Project Manager: Career and Salary Facts
Research what it takes to become a project manager. Learn about education requirements, job duties, average wages and job outlook to find out if this is the career for you.
What Is a Project Manager?
Project managers are employed in a variety of industries in which they are responsible for completing assignments or tasks according to budgets and schedules. They may need to determine short- and long-term goals for projects and their employees. Project managers often need to problem-solve or adjust plans as unforeseen circumstances and problems arise during assignments. They also coordinate the efforts of their teams and oversee the work that is completed. These professionals must be able to communicate clearly and work with a variety of people that are involved on a particular project. Check out education requirements and salary potential in the following table.
|Degree Required||Bachelor's degree recommended|
|Education Field of Study||Business management |
Supply chain management
|Key Skills||Clear communicator, effective manager, industry knowledge|
|Job Growth (2018-2028)||11% (for computer and information systems managers)|
10% (for construction managers)*
|Average Salary (2018)||$152,860 (for computer and information systems managers)|
$103,110 (for construction managers)*
Source: *U.S. Bureau of Labor Statistics
How Can I Become a Project Manager?
Project managers direct a dedicated effort to complete projects according to budgets and deadlines. Because projects are temporary and require dedicated resources, you need to be good at planning, communicating and managing a schedule.
This can be a versatile career because of the various ways you can become a project manager. Earning a college degree may be required for some jobs, but you may also find opportunities through on-the-job experience. Construction science and information technology (IT) are examples of bachelor's degrees that you can earn to enter fields that often utilize project managers. Many engineering degrees, such as industrial engineering or civil engineering, also base work on projects.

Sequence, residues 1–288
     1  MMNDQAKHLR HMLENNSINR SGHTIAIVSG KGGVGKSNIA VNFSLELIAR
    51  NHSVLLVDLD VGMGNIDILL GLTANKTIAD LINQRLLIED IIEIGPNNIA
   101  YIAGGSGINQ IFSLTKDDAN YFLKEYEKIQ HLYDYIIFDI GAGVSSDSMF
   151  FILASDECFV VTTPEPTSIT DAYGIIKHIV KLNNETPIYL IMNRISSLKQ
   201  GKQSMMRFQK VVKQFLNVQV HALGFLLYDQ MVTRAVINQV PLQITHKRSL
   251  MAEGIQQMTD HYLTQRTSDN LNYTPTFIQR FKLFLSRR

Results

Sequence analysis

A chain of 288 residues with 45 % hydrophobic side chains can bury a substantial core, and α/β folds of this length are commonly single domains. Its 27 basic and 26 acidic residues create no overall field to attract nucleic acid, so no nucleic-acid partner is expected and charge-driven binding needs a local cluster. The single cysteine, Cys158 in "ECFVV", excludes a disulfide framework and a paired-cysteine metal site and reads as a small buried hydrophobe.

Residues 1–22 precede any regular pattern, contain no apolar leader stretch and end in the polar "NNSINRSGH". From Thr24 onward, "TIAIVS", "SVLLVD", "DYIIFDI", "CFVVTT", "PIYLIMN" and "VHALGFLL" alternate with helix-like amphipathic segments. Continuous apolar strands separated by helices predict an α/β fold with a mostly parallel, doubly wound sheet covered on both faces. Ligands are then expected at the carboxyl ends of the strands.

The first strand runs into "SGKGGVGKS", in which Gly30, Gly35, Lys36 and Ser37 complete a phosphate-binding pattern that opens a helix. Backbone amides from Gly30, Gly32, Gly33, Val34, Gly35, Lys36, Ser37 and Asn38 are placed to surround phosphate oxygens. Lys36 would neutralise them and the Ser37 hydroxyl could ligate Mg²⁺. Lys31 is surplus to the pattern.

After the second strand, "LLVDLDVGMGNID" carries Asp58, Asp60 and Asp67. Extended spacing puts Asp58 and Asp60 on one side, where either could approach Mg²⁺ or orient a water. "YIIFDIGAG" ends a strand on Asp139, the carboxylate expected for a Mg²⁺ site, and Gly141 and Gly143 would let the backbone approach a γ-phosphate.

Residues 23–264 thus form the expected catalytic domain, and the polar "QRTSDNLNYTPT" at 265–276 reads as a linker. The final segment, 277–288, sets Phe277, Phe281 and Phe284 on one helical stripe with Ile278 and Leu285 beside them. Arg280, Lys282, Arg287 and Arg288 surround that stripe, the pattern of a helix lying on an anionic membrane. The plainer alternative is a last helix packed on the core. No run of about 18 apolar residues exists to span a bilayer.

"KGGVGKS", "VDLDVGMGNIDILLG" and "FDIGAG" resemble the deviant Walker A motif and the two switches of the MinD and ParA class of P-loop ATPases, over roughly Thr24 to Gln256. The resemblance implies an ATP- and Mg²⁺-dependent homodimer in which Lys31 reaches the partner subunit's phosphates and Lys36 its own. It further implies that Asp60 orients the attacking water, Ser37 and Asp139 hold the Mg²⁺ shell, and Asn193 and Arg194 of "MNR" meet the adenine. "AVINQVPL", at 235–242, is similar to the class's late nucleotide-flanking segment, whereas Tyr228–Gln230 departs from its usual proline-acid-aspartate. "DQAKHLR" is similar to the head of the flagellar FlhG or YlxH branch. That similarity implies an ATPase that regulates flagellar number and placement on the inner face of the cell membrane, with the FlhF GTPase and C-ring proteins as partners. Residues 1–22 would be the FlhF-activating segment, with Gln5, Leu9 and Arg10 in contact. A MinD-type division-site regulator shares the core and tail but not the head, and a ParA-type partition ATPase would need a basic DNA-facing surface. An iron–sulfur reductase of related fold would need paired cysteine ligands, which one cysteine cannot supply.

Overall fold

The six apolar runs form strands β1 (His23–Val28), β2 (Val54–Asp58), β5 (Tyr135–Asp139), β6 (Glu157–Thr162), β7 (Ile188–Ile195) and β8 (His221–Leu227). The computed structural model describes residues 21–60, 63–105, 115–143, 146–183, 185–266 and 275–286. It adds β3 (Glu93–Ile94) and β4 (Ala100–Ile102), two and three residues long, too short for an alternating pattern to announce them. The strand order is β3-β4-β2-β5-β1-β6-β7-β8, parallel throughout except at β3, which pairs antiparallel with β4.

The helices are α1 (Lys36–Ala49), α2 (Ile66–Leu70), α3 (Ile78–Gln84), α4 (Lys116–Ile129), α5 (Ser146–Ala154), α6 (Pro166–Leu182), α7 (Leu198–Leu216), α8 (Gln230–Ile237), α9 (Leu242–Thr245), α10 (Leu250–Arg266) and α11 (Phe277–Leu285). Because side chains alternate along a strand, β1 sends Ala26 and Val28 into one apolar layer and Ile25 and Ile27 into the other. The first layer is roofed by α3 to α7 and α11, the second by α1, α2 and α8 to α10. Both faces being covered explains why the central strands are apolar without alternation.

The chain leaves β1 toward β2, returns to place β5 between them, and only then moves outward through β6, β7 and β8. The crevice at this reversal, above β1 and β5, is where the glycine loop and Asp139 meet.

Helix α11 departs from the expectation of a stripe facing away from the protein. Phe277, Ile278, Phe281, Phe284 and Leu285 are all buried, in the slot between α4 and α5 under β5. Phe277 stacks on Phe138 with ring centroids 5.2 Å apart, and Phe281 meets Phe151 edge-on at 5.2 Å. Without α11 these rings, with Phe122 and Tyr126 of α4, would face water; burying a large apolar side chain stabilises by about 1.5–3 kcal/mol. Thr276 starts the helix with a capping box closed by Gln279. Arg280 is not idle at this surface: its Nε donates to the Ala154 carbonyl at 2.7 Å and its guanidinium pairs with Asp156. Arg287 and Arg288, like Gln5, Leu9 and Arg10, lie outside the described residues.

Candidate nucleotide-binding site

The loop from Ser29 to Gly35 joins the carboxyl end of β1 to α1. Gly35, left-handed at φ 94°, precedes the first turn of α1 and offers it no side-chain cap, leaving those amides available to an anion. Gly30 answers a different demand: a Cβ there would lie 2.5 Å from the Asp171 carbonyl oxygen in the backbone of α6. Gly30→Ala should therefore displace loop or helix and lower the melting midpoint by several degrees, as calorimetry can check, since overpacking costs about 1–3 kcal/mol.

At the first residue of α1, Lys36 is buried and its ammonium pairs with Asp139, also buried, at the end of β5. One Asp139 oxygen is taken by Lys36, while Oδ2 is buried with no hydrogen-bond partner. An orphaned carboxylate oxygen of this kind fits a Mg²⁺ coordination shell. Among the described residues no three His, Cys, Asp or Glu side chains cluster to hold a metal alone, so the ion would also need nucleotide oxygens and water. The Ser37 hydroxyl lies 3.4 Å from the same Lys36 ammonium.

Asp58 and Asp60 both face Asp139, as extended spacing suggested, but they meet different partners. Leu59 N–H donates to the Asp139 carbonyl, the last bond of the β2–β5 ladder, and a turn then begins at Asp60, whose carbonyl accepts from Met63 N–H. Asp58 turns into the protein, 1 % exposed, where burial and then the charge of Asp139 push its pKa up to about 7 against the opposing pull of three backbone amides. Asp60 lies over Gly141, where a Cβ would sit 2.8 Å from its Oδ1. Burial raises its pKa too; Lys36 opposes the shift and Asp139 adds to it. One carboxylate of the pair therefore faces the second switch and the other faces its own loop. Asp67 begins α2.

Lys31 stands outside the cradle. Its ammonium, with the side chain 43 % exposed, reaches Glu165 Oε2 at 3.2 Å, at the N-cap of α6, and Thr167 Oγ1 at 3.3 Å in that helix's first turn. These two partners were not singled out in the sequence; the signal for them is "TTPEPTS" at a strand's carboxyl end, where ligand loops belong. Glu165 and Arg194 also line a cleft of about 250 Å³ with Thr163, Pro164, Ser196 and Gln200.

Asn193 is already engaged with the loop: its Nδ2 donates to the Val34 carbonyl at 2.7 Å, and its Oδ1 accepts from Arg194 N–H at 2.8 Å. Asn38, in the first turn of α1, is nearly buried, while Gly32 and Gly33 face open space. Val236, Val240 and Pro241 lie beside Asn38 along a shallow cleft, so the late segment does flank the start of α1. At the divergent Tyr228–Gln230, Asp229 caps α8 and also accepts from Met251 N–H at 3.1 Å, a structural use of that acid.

Graduate degrees offer you a more focused education in applying methodologies, theories and economics to successfully manage projects. You might consider a professional credential from the Project Management Institute, the leading association for project managers across all industries and whose certifications are considered the world-wide standard.
What Industries Can I Work In?
Many industries use project managers to facilitate a variety of ventures, as many organizations realize that the approach can help them achieve better results. The automotive and finance industries historically employed many project managers, and IT will continue to provide many options. There are also opportunities in growing fields such as healthcare and environmental initiatives.
Each project progresses through the same basic phases from beginning to end, and although you will apply knowledge from your field to that process, you develop skills that can be applied in other fields. This offers you flexibility with your career. With experience, you can take on more responsibility by working as a program manager or portfolio manager. In these roles, respectively, you would oversee multiple projects and ensure that your organization's resources are efficiently used.
What Salary Might I Earn?
Your salary as a project manager can vary with the industry you work in. The U.S. Bureau of Labor Statistics reported that project managers working in construction, for example, earned a mean salary of $103,110 in 2018 (www.bls.gov). Computer and information systems managers earned an average of $152,860.
What Are Some Related Alternative Careers?
Cost estimators, database administrators and top executives are all similar careers that typically require at least a bachelor's degree. Cost estimators examine and calculate all of the variables that go into producing a product or service. They estimate labor, time, materials and more. Database administrators are responsible for storing different types of data. They may use software programs to secure and organize customer records and more. Top executives can work for different types of organizations, and oversee their daily operations. These professionals help set and meet goals for their organization through policies and strategic plans.